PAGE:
by Kevin O’Connor

The farmer had grown black oranges,
some with faces,

others with horns,
but all were bathed in light.

The clouds overhead his field
raced contrapuntally.

Spiked stars gleamed
in glass jars stacked on a pallet.

Inside: a jackal
and a fluorescent cougar

rimmed with sequin.
On another plane a daffodil

and a pool of amber
dripping from a golden faucet,

each letter of “forever”
scrawled by a hand impeded

by amphetamine.
At the bottom a sketch

of a woman with rats in her hair.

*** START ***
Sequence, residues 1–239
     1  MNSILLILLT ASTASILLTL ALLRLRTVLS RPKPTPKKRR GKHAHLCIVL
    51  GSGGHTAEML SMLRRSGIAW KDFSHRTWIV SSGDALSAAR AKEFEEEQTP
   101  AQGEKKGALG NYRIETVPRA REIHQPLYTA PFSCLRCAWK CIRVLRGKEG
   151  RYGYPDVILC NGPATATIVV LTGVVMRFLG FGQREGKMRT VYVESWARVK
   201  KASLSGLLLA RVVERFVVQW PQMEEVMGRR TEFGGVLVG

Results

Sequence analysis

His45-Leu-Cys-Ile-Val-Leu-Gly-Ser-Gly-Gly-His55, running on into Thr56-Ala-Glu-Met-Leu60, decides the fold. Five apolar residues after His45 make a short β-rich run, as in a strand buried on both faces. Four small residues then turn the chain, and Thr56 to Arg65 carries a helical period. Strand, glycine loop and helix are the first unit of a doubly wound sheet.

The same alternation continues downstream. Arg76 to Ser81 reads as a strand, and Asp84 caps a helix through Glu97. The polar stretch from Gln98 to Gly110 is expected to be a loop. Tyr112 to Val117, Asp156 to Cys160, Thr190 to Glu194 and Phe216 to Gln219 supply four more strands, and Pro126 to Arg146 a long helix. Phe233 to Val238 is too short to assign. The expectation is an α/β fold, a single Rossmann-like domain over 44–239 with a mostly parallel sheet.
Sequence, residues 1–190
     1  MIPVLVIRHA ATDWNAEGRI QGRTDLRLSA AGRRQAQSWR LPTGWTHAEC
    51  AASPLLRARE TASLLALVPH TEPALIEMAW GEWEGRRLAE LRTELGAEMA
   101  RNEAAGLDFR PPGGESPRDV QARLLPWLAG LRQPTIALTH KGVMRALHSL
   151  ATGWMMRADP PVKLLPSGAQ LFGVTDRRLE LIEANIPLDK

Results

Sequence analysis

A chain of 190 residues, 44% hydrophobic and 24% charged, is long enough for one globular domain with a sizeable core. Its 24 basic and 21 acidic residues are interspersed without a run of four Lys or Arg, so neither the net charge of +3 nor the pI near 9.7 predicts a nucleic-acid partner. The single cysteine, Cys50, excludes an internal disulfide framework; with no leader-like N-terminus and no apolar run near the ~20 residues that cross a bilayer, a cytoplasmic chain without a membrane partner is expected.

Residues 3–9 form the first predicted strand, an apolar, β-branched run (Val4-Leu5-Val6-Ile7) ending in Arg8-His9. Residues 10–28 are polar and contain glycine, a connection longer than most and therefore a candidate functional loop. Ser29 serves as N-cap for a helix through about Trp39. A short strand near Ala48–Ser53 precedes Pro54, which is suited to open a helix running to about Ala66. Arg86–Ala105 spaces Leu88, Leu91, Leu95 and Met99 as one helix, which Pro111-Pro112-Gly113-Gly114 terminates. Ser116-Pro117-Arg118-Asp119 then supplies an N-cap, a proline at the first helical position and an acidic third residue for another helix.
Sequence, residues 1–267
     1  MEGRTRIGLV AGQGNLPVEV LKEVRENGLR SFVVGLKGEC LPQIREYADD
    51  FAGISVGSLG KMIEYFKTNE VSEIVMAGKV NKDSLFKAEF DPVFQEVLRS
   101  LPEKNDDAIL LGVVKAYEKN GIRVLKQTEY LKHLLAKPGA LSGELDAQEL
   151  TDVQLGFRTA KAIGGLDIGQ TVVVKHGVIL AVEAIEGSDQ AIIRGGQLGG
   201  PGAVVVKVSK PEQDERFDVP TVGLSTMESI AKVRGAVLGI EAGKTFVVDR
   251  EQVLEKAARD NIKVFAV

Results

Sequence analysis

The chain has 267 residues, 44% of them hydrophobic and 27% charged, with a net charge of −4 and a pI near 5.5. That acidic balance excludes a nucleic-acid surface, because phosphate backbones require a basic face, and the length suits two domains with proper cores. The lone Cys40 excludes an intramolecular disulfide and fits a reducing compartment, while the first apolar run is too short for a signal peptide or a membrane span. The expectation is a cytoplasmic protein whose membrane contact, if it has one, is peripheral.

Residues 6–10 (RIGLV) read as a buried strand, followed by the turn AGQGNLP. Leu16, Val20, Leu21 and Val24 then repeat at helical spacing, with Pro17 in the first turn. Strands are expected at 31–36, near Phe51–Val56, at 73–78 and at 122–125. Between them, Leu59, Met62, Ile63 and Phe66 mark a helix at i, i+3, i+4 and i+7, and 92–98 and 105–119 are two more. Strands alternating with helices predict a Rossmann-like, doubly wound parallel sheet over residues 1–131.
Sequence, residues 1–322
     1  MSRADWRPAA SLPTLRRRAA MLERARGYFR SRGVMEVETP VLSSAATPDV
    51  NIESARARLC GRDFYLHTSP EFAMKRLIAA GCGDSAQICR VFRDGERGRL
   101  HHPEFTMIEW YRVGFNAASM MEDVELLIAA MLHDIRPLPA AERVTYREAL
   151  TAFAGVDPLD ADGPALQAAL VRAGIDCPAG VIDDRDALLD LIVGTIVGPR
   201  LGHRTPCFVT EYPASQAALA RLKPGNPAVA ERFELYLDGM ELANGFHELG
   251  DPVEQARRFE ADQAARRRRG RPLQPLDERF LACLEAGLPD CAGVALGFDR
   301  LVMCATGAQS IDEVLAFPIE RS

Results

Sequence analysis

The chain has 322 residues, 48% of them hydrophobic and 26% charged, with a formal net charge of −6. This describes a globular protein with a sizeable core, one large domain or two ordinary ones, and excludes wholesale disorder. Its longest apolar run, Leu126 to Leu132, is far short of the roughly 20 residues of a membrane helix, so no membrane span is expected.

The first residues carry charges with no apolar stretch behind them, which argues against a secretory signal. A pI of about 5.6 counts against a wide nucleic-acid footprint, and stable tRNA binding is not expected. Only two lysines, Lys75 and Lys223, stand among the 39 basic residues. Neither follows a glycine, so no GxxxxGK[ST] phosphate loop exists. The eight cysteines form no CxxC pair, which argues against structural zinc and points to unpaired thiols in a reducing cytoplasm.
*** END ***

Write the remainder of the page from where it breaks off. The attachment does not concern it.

Reaching into the crate

the farmer
bit one of the shadowed globes,

and his teeth flew from his mouth,
and wings appeared on his heart

fluttering as if by magic
or design.


Kevin O’Connor received his MFA from Old Dominion University and his BA from Johns Hopkins University. He has published poetry in Slant, The Tulane Review, The Pinch, Visions International, Glassworks, The Bakery, The Fourth River Review, and Bayou, among other journals.

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